The female builds a well-camouflaged nest in a protected location in a shrub or tree using plant fibers, spider web silk, downy feathers and lichens. Black-chinned hummingbirds prefer to nest 6–12 ft (1.8–3.7 m) above the ground, often on exposed horizontal branches below the canopy. Research also suggests that they may purposefully nest near the active nests of larger, predatory birds, as a means of reducing nest predation; the larger predators do not prey on the hummingbird, but their presence will deter other birds that might be interested in the black-chinned hummingbird's eggs or newly hatched chicks.[19] The female lays two white eggs at a time, each about 8 mm (0.31 in) in diameter, and may breed 2-3 times per year, incubating the eggs for 13–16 days. She feeds the young by inserting her bill deep into their throats and regurgitating insects and nectar. The young fledge at about 20–21 days.[17]



  1. ^ a b BirdLife International (2016). "Archilochus alexandri". IUCN Red List of Threatened Species. 2016: e.T22688196A93186569. doi:10.2305/IUCN.UK.2016-3.RLTS.T22688196A93186569.en. Retrieved 11 November 2021.
  2. ^ "Appendices | CITES". cites.org. Retrieved 2022-01-14.
  3. ^ a b Baltosser, W.H.; Russell, S.M. (2000). "The Birds of North America". Black-chinned Hummingbird (Archilochus alexandri). Pittsburgh, PA, US: The Birds of North America Inc.
  4. ^ a b c Williamson, Sheri (2001). A Field Guide to Hummingbirds of North America. Boston, MA: Houghton Mifflin. p. 62. ISBN 0-618-02496-4.
  5. ^ Short, Lester L.; Phillips, Allan R. (1966). "More Hybrid Hummingbirds from the United States". The Auk. 83 (2). Oxford University Press (OUP): 253–265. doi:10.2307/4083018. ISSN 0004-8038. JSTOR 4083018.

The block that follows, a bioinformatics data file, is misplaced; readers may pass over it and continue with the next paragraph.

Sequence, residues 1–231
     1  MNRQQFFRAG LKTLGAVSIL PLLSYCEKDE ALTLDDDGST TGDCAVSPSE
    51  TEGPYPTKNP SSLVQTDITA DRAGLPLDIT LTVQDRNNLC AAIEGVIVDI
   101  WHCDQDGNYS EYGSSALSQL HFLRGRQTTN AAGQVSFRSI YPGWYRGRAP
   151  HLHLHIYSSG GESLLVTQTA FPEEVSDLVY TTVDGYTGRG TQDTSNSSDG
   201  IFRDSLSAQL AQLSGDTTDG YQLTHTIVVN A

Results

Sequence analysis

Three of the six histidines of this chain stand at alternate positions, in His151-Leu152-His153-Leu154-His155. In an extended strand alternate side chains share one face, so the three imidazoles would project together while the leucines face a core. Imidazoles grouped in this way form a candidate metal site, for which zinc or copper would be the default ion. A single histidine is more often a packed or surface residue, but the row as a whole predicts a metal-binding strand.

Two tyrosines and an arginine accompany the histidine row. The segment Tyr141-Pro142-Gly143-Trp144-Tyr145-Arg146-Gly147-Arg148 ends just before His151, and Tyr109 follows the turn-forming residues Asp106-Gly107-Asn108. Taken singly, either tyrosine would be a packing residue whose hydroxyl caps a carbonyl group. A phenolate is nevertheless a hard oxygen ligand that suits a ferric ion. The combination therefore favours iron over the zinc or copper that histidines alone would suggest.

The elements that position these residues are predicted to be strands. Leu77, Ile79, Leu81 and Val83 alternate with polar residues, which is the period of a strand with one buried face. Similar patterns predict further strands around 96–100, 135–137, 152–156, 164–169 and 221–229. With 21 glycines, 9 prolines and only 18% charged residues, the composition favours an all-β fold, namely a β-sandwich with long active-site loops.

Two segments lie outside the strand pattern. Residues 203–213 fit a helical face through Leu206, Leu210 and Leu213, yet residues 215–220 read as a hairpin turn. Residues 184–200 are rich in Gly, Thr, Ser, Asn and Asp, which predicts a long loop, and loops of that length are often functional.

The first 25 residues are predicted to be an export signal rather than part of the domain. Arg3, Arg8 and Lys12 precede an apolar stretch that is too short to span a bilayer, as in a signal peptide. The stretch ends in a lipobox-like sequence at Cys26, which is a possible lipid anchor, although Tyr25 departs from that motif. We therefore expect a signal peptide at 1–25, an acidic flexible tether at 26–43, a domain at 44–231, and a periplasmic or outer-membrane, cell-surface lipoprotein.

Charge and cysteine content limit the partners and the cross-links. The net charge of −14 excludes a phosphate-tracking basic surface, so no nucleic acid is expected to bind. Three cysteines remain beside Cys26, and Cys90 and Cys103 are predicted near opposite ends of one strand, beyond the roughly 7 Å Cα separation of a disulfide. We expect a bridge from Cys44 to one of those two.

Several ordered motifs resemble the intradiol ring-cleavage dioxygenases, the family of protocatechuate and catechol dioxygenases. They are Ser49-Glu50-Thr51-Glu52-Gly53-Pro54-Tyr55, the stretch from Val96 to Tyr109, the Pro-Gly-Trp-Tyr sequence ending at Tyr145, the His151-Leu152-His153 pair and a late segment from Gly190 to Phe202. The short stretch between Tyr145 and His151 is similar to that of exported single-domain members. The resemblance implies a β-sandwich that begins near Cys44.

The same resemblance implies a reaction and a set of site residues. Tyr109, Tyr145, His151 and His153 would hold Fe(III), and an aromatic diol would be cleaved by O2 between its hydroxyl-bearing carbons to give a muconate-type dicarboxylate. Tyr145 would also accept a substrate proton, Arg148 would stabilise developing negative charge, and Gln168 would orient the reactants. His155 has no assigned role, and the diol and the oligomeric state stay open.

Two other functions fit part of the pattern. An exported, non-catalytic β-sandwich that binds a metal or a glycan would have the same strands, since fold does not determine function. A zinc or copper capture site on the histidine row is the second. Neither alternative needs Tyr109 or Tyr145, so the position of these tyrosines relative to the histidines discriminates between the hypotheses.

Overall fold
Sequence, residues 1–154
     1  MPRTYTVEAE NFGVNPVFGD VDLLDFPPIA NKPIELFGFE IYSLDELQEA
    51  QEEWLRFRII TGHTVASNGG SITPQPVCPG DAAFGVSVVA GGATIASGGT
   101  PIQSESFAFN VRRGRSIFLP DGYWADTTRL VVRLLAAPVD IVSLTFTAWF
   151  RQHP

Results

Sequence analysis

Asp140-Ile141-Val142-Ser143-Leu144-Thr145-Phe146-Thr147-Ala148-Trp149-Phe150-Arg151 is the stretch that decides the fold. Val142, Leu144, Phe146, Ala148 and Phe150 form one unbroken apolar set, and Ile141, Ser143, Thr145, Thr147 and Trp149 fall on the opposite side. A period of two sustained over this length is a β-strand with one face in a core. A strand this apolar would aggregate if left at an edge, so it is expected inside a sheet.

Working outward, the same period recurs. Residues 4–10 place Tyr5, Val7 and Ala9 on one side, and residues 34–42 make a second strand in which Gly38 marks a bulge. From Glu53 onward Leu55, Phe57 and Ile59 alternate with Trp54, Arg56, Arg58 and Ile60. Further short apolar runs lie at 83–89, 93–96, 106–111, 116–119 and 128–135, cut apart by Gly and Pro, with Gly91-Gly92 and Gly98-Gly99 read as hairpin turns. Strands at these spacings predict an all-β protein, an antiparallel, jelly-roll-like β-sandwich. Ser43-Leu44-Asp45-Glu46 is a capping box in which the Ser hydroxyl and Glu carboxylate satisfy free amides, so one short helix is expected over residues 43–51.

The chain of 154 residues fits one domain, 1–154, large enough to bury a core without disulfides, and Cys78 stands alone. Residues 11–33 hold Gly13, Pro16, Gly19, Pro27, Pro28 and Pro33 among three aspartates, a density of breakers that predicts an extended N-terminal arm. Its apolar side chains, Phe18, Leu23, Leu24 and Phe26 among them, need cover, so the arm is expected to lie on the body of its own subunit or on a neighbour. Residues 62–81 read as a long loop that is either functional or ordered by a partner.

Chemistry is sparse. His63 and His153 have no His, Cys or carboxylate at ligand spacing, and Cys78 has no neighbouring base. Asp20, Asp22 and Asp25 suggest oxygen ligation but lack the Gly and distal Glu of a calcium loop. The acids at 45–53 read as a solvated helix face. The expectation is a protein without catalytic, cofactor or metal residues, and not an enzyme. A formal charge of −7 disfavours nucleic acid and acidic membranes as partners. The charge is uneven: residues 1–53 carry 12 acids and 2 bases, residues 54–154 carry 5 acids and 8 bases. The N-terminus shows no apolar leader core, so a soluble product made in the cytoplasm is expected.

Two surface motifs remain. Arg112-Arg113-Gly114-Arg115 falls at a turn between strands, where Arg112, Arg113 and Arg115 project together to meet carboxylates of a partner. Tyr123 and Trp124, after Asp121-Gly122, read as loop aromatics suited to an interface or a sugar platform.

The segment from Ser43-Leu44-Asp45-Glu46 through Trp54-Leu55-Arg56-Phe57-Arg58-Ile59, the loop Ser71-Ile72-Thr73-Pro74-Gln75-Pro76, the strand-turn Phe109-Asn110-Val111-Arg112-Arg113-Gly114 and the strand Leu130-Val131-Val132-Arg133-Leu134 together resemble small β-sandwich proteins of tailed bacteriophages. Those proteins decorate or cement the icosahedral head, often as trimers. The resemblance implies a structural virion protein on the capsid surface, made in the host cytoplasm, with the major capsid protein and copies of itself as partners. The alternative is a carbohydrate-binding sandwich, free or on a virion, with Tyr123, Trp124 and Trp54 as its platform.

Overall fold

6. ^ Gregory, T.R. (2005). "Birds - Animal Genome Size Database". Genomesize.com. Archived from the original on 14 May 2011. Retrieved 25 April 2011.
  7. ^ Baldridge, Frank A. (April 1983). "Plumage Characteristics of Juvenile Black-chinned Hummingbirds" (PDF). The Condor. 85 (1): 102–103. doi:10.2307/1367900. JSTOR 1367900. Retrieved 5 April 2014.
  8. ^ Brinkley, Edward (2007). Field guild to birds of North America. Sterling. ISBN 978-1-4027-3874-6.
  9. ^ a b Baltosser, William H. (May 1995). "Annual Molt in Ruby-Throated and Black-Chinned Hummingbirds". The Condor. 97 (2): 484–491. doi:10.2307/1369034. ISSN 1938-5129. JSTOR 1369034.
  10. ^ "Black-chinned Hummingbird". The Audubon Society. Retrieved 5 April 2014.
  11. ^ English, Simon G.; Bishop, Christine A.; Wilson, Scott; Smith, Adam C. (2021-09-15). "Current contrasting population trends among North American hummingbirds". Scientific Reports. 11 (1): 18369. Bibcode:2021NatSR..1118369E. doi:10.1038/s41598-021-97889-x. ISSN 2045-2322. PMC 8443710. PMID 34526619.
  12. ^ Brinkley, Edward S. (2007). Field guide to birds of North America. Sterling Publishing Company. p. 296. ISBN 978-1-4027-3874-6.
  13. ^ "Black-Chinned Hummingbird | National Geographic". Animals. 2010-05-04. Archived from the original on January 23, 2022. Retrieved 2023-10-02.
  14. ^ Brinkley, Edward S. (2007). Field guide to birds of North America. Sterling. p. 296. ISBN 978-1-4027-3874-6.
  15. ^ Berns, C.M.; Adams, D.C. (July 2010). "Bill Shape and Sexual Shape Dimorphism between Two Species of Temperate Hummingbirds: Black-chinned Hummingbird (Archilochus alexandri) and Ruby-Throated Hummingbird (A. Colubris)". The Auk. 127 (3): 626–635. doi:10.1525/auk.2010.09213. JSTOR 10.1525/auk.2010.09213. S2CID 5571877.
  16. ^ Feo, T.J.; Clark, C.J. (October 2010). "The Displays and Sonations of the Black-chinned Hummingbird (Trochilidae: Archilochus alexandri)". The Auk. 127 (4): 787–796. doi:10.1525/auk.2010.09263. JSTOR 10.1525/auk.2010.09263. S2CID 37159689.
  17. ^ a b "Black-chinned Hummingbird | Audubon Field Guide". www.audubon.org. Retrieved 2023-10-02.
  18. ^ Rusch, K.M.; Pytte, C.L.; Ficken, M.S. (July 1996). "Organization of Agonistic Vocalizations in Black-chinned Hummingbirds" (PDF). The Condor. 98 (3): 557–566. doi:10.2307/1369568. JSTOR 1369568. Retrieved 5 April 2014.
  19. ^ Greeney, H.F.; Wethington, S.M. (December 2009). "Proximity to Active Accipiter Nests Reduces Nest Predation of Black-chinned Hummingbirds". The Wilson Journal of Ornithology. 121 (4): 809–812. doi:10.1676/08-174.1. JSTOR 20616992. S2CID 54929731.